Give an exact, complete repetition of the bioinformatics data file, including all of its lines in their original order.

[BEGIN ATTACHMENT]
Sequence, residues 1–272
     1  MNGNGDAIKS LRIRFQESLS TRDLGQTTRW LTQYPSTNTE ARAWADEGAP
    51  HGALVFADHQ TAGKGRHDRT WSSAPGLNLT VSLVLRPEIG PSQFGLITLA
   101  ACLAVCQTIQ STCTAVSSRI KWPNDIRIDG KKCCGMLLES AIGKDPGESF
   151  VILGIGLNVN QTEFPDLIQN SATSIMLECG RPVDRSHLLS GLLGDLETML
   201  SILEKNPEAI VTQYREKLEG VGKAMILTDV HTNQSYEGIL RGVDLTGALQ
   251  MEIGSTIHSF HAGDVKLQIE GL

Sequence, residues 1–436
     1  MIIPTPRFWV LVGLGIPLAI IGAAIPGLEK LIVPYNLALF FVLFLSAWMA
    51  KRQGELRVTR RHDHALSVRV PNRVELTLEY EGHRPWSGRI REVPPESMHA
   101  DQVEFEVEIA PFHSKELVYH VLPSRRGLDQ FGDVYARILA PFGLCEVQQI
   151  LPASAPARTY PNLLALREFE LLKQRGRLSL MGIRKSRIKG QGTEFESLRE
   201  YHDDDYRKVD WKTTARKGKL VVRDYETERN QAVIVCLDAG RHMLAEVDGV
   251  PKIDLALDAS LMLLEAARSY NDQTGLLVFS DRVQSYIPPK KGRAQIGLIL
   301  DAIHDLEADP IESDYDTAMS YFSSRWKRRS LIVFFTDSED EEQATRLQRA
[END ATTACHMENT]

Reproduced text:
Sequence, residues 1–272
     1  MNGNGDAIKS LRIRFQESLS TRDLGQTTRW LTQYPSTNTE ARAWADEGAP
    51  HGALVFADHQ TAGKGRHDRT WSSAPGLNLT VSLVLRPEIG PSQFGLITLA
   101  ACLAVCQTIQ STCTAVSSRI KWPNDIRIDG KKCCGMLLES AIGKDPGESF
   151  VILGIGLNVN QTEFPDLIQN SATSIMLECG RPVDRSHLLS GLLGDLETML
   201  SILEKNPEAI VTQYREKLEG VGKAMILTDV HTNQSYEGIL RGVDLTGALQ
   251  MEIGSTIHSF HAGDVKLQIE GL

Sequence, residues 1–436
     1  MIIPTPRFWV LVGLGIPLAI IGAAIPGLEK LIVPYNLALF FVLFLSAWMA
    51  KRQGELRVTR RHDHALSVRV PNRVELTLEY EGHRPWSGRI REVPPESMHA
   101  DQVEFEVEIA PFHSKELVYH VLPSRRGLDQ FGDVYARILA PFGLCEVQQI
   151  LPASAPARTY PNLLALREFE LLKQRGRLSL MGIRKSRIKG QGTEFESLRE
   201  YHDDDYRKVD WKTTARKGKL VVRDYETERN QAVIVCLDAG RHMLAEVDGV
   251  PKIDLALDAS LMLLEAARSY NDQTGLLVFS DRVQSYIPPK KGRAQIGLIL
   301  DAIHDLEADP IESDYDTAMS YFSSRWKRRS LIVFFTDSED EEQATRLQRA